My husband is an only and we've talked about this quite a bit. He said he was never lonely growing up. He had a wonderful childhood. His parents were super involved and he always had friends/neighbors/cousins. He said he never wished for a sibling until we had our 2nd child. Now he sees our 3 boys playing together and wonders "what if". Also, he realizes now once his parents are gone (they are late-60s and super healthy!) that's it--no siblings. He's pretty close to my siblings.



answers from Raleigh on

This is always an interesting question for me. I call myself an "almost only child". I have two brothers- the oldest 25 years older than I, and the other 14 years older. My oldest was out of the house by the time I was born, and my other brother moved out when I was 4. I don't remember him living at home.
So, they visited, but most of my days were being the only child. I don't remember being lonely. Being the only child at home, I could easily entertain myself. At the same time, I never had to share my stuff or deal with an annoying sibling hanging around. :) I was also treated like a princess by my entire family. I was the big surprise in everyone's life.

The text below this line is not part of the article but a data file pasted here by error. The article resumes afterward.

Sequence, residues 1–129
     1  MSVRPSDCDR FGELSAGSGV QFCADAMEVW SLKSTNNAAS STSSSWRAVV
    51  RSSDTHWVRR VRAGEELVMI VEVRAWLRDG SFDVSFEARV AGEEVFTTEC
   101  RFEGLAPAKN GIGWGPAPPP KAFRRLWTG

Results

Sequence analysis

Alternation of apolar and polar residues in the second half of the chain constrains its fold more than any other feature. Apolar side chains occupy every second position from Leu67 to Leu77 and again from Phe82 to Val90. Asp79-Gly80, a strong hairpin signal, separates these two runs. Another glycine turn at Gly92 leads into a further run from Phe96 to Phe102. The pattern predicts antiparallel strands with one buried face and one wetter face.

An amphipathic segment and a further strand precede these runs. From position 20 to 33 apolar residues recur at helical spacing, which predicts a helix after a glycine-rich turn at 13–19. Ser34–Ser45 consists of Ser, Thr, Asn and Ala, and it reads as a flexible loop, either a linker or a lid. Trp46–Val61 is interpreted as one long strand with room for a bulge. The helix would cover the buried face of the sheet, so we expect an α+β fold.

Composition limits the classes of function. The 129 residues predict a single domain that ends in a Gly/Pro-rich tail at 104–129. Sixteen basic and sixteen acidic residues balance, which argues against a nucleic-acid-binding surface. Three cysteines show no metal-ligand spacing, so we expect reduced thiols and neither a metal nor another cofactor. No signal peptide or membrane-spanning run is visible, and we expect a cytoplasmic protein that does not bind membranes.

My mom will be 80 soon and my oldest brother died last year. I am still relatively young (late 30s). My mom will probably not be around see my kids get married- I really do struggle with that realization. I hope my other brother will, but if something happened to him, I would be the only one left from my original immediate family, and that makes me so sad. I have always wondered if only children also feel the same way when faced with aging or deceased parents. Anyway, not to be a debbie downer. My point is- I think the importance of having a sibling comes much later in life.
Hope this helps.



answers from Bloomington on

I am an only. I LOVED it as a young child & teenager. Once I started having my own children , I started wishing I had siblings. Like with anything, there are pros & cons.


I am an only. I LOVED it as a young child & teenager. Once I started having my own children , I started wishing I had siblings. Like with anything, there are pros & cons.


answers from Grand Forks on

I was sort of an only child. I was much younger than my siblings, so they were out of the house for most of my childhood. I wasn't really lonely because my parents always let me have friends over and bring friends on outings and vacations. As an adult I am glad that I have my siblings now that my parents are gone.